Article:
What is it & what does it cover?
You double-check your rear-view mirror and blind spots. You look both ways at every stop sign. You’re extra careful when navigating the crowded parking lot. And yet, collisions can happen to even the most careful driver! From small fender benders to full-on accidents, collision insurance coverage could help you avoid paying out-of-pocket for damage to your car. Not sure what it is or whether you need it? Stick around, and we’ll explain what collision insurance is, and how it works.
What is collision insurance coverage?
Collision insurance is an optional car insurance coverage that protects your vehicle and your wallet from costly repairs in case of a collision. Whether your vehicle is damaged in an accident that you are responsible for, or a hit and run in the mall parking lot, collision coverage can help cover the expenses. Although the details of coverage can vary from province to province, the overall benefit of collision coverage is that you could reduce out-of-pocket expenses in the case of an accident, apart from your deductible. This kind of coverage can be added to your car insurance policy to make sure you’re covered if you experience a collision.
What does it cover & when should you get it?
Collision insurance covers the cost of repairing or replacing your vehicle if it's damaged in a collision with another vehicle or object, such as a tree or a fence. It covers things like:
- An accident or collision with another car
- Hitting an object with your car
- If your car flips over
- A hit-and-run accident
Collision coverage is usually optional in Canada, but it can be a great benefit, especially if you have a newer or more valuable vehicle. Ask yourself, in the event your car is completely destroyed in an accident, can you afford to replace your car? If the answer is “no” then collision coverage is for you. In fact, it’s often required by your lender if you are financing or leasing your vehicle.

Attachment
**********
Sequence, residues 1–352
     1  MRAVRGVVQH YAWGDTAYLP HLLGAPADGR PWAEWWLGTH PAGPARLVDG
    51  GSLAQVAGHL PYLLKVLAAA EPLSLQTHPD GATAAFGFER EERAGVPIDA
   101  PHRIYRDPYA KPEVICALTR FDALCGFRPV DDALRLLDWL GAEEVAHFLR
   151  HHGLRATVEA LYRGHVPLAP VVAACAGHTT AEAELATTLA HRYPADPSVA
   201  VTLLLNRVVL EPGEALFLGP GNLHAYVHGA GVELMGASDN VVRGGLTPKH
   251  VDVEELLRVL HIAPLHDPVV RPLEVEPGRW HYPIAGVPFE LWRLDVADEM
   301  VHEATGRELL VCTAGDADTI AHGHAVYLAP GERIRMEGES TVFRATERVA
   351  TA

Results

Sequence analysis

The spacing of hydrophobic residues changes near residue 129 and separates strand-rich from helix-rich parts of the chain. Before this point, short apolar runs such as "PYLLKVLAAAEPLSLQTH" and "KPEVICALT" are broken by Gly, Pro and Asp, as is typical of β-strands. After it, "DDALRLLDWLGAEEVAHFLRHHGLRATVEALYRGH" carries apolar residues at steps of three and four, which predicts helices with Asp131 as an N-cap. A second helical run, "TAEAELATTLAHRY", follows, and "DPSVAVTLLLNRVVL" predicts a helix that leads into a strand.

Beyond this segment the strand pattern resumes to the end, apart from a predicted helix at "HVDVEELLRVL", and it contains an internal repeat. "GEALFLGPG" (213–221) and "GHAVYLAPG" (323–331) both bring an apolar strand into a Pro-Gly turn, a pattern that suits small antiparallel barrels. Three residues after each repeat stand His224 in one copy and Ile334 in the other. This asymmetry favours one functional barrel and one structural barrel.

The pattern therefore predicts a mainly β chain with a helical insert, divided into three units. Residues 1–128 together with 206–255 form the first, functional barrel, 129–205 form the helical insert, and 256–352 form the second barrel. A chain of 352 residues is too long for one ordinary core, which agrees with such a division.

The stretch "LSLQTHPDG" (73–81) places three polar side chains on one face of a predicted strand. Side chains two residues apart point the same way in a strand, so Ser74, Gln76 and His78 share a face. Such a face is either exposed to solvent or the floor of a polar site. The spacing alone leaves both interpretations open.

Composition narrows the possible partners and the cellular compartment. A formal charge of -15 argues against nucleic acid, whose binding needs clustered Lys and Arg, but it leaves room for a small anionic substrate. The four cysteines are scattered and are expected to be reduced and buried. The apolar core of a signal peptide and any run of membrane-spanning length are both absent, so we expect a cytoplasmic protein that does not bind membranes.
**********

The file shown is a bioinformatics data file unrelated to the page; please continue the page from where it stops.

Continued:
What it doesn’t cover
Coverage details can vary by province and by insurance company, so make sure you review your insurance company’s policy details to understand the specific coverage and any exclusions. With that said, collision insurance typically doesn’t cover damage that’s not caused by a collision, such as:
- Damage caused by theft, vandalism, fire, a windstorm or earthquake. If you need coverage for these types of situations, you can look into comprehensive coverage.
- Medical expenses related to injuries from an accident. These expenses are usually covered by accident benefits coverage.
- Damage to someone else's property or another person’s injuries caused by a collision. These damages are usually covered by liability insurance
What is the difference between comprehensive vs collision coverage?
Collision coverage covers damage that’s a result of a collision with another vehicle or object. On the other hand, comprehensive coverage provides coverage for damage to your vehicle caused by other incidents, such as theft, vandalism, fire, natural disasters (e.g. windstorm, hurricane, tornado, earthquake, etc.), or falling objects.
Most vehicles are insured for both collision and comprehensive. If you cannot afford to self-insure or pay out of your own pocket if your vehicle is damaged, both coverages are for you.
How to get collision coverage
Now that you know the ins and outs of collision coverage, you’re better equipped to decide whether it’s something you want to add to your auto insurance policy. Whether you’re getting car insurance for the first time or want to add coverage to your existing policy, getting collision coverage with belairdirect is easy! Our advisors can help you review your policy and get the best protection for your needs.
Frequently asked questions about collision insurance
Collision insurance is not mandatory by law in Canada, but it can be required by your lender if you lease or finance your car. This allows the financing company to cover any losses if a collision occurs. Otherwise, collision coverage is an optional coverage in all provinces.
If your vehicle gets damaged in an accident where you are found to be at-fault and you don't have collision coverage, you could find yourself paying for the damage as well as any other charges such as towing costs.
If you are determined by your insurance company to be not-at-fault, it’s likely that direct compensation property damage will cover the cost of repairs, depending on which province you live in. However, if the accident was a hit-and-run incident, you would probably not be covered without collision insurance.
After an accident, an insurance adjuster will evaluate the condition of your vehicle. If it is deemed to be a total loss, this means that it would cost more to repair it than what the car is actually worth. You might be offered a settlement based on the car's actual cash value, depending on your coverage.